My travels here in South Korea have been limited to mainly Seoul - to and from my school where I'm teaching TESOL to Korean elementary English teachers. But now and then my team goes on a day trip. On Christmas Eve we went up to the DMZ to check out what we could see of North Korea and go on a tour of the 3rd tunnel dug by North Koreans to invade South Korea.
The whole North/South division has been such an eye-opening experience. I have always joked that if I ever saw a North Korean in Australian that he/she must be a spy because there would be no other reason for them to be in a Western country. While that's partly true I've been exposed to the deeper and sadder truth about the 38th parallel line.
There are over 10million ethnic North Koreans living in the South. They are mainly people who fled the North just before the division and because they remain citizens of Korea they are unable to return to the North even to visit family. If people fled to Japan or the US or other countries and gained citizenship, they are allowed to visit North Korea on specially supervised tours. The irony.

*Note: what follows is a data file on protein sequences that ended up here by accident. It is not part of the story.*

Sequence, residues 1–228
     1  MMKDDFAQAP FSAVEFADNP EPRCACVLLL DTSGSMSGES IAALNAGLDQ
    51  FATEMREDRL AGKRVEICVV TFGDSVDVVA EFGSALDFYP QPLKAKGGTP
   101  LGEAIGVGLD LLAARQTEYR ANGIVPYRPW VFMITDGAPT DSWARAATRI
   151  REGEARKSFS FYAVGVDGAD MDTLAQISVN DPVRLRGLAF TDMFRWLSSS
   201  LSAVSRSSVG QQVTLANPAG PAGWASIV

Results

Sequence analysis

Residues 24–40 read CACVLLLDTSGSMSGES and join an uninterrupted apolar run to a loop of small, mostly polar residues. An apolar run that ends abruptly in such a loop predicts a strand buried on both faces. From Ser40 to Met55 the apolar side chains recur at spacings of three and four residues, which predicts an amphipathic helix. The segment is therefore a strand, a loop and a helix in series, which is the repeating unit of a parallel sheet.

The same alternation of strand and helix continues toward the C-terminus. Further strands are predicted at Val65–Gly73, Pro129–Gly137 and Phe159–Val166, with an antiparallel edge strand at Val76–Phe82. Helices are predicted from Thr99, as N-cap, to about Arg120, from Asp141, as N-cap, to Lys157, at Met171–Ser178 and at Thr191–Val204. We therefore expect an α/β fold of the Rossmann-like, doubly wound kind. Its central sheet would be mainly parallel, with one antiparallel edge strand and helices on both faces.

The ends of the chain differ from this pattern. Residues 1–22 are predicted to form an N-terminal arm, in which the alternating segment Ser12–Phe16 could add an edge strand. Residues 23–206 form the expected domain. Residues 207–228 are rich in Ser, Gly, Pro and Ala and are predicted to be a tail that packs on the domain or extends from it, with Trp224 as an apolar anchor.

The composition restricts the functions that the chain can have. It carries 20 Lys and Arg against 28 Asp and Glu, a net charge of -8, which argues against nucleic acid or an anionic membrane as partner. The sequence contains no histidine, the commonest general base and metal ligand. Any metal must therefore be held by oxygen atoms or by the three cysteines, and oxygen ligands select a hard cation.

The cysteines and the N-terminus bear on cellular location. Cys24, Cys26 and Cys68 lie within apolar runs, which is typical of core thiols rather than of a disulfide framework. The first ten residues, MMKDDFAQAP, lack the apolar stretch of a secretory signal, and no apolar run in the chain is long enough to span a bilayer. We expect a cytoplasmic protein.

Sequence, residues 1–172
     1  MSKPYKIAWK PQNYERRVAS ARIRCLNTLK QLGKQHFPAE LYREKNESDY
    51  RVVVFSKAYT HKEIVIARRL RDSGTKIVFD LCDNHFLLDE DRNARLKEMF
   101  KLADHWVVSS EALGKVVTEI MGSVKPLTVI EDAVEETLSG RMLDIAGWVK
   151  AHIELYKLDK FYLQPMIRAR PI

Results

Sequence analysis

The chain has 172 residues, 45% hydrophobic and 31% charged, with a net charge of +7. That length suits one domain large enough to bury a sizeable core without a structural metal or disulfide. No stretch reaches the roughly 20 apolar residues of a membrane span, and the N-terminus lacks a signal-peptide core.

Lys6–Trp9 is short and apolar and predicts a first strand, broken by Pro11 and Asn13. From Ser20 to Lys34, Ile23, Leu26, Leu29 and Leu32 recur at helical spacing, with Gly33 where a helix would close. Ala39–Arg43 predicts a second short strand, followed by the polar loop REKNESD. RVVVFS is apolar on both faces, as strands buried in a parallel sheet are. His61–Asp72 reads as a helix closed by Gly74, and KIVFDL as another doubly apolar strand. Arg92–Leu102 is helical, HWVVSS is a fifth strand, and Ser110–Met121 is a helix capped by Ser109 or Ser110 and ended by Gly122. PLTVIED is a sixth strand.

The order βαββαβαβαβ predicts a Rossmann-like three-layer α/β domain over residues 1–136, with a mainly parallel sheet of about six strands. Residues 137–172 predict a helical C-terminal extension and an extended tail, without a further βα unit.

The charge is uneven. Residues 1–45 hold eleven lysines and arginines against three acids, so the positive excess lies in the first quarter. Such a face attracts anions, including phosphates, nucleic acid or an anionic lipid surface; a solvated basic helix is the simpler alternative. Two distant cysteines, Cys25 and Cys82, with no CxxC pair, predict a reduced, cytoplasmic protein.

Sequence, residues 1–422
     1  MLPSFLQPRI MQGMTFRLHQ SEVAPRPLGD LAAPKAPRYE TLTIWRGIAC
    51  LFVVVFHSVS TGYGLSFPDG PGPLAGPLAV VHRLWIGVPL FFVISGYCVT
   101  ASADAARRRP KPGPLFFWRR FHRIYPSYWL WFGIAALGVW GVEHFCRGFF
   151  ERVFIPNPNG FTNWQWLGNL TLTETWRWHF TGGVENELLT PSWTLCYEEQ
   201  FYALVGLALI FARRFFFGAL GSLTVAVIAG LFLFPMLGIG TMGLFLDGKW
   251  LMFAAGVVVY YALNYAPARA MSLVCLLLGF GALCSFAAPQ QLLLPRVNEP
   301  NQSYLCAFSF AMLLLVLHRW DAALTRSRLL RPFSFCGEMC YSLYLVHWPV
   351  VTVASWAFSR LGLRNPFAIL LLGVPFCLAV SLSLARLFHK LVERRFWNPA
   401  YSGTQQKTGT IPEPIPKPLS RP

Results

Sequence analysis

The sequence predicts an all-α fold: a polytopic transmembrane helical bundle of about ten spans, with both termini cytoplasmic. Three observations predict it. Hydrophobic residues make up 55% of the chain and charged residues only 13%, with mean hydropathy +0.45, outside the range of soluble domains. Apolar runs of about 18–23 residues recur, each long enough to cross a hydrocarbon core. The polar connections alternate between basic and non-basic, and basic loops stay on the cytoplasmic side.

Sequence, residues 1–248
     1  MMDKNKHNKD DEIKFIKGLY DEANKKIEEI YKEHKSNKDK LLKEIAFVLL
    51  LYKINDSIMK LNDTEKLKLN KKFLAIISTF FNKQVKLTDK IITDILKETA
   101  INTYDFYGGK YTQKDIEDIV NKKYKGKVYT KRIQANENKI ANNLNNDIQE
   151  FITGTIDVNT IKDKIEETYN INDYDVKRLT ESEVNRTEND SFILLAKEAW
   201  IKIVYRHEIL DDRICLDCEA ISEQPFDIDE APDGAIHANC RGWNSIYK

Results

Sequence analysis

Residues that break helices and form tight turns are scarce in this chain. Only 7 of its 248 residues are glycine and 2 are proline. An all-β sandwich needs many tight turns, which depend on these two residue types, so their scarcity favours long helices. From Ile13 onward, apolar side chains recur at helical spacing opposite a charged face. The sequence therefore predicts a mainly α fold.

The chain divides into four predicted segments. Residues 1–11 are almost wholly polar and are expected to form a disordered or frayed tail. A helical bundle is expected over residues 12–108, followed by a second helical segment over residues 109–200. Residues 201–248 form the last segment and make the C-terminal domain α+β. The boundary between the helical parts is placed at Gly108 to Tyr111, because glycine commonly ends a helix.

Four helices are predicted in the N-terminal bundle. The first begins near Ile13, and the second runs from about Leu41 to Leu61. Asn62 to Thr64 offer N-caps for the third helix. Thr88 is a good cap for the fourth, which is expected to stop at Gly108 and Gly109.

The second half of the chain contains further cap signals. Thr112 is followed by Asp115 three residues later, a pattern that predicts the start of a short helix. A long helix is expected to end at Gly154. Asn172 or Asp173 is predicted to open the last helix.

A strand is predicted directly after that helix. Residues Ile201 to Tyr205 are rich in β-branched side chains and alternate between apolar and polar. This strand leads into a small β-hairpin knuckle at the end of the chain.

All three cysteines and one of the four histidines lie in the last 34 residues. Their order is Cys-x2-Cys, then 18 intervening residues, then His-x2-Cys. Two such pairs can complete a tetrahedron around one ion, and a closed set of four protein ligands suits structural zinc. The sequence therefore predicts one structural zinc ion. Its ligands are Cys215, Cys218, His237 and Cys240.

The DMZ tour puts on a big show about reunification, hope and future dreams for a unified Korea. It seems so impossible. How on earth could they possibly achieve this? Just looking at East and West Germany shows us that there can be unification on the surface but the economic and identity issues remain even 20 years on.
This Korean trip has been an incredible chance and opportunity to learn so much about my Asian neighbours and grow in respect for this country that I thought was so funny for having a company called 'Lucky Gold Star' (otherwise known as LG).